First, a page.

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OB Clara Montgomery talks bumble bees and electrostatics

The Science Department welcomed back, OB Clara Montgomery (Ht ’10) to present a talk on bumble bees and electrostatics as part of the Science Society talks.

Over 60 pupils attended the talk and listened to Clara explain about tribology (the study of rubbing materials together to induce electrostatic charge). She went on to discuss how bees almost always have a positive charge and how flowers tend to have a negative charge, and it is this difference that causes a transfer of pollen.

Electroreception was initially thought to only be found in aquatic animals, but Clara, along with her research group is proving this to be an incorrect assumption. Bees can detect artificial flowers charged with 30V, demonstrated by some ingenious methodology applied by the research group. Further investigation revealed that the bee’s hair detects the electric field and that they use this ‘extra’ sense to get additional information when visiting flowers (floral cue). This sense helps them to distinguish between rewarding and unrewarding flowers, which in turn improves their foraging ability.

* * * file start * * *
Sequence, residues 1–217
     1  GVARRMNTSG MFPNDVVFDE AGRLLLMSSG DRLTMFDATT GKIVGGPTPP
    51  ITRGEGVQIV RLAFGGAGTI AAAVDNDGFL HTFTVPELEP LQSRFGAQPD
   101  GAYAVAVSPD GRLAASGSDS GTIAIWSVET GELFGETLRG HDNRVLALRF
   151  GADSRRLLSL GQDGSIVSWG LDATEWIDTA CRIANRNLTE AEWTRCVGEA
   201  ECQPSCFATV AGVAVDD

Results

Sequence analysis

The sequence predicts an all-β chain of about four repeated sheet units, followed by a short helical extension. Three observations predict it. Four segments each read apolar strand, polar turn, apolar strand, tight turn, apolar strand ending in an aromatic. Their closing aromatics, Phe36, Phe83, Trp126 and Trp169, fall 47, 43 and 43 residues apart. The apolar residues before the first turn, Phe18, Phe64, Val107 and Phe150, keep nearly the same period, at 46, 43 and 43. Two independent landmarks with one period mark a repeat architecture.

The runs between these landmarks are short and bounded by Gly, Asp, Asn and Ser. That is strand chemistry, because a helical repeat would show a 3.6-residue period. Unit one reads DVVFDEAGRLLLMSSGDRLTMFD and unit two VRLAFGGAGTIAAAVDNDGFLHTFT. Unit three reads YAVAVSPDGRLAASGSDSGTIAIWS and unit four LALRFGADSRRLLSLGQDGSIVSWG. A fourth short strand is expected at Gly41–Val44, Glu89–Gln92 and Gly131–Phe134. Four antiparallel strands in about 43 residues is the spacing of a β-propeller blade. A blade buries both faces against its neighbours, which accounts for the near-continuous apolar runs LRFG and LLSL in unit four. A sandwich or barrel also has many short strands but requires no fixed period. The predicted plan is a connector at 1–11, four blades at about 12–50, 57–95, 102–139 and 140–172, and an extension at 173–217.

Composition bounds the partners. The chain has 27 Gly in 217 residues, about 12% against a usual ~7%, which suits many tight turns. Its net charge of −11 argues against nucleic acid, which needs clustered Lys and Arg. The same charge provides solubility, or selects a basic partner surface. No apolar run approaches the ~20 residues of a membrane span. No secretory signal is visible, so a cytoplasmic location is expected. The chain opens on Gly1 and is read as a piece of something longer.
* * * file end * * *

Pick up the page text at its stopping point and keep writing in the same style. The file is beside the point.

Nick Welford, Head of Science at Bryanston, commented: “It was fantastic to have Clara come along and chat to the pupils about her research. Her methodology really struck a chord with our IB pupils who are currently doing their Biology internal assessment.”

Clara is in her third year of a PhD at the University of Bristol studying the mechanisms and ecological relevance of electroreception in bumblebees.

Image of flowers  Image of three flowers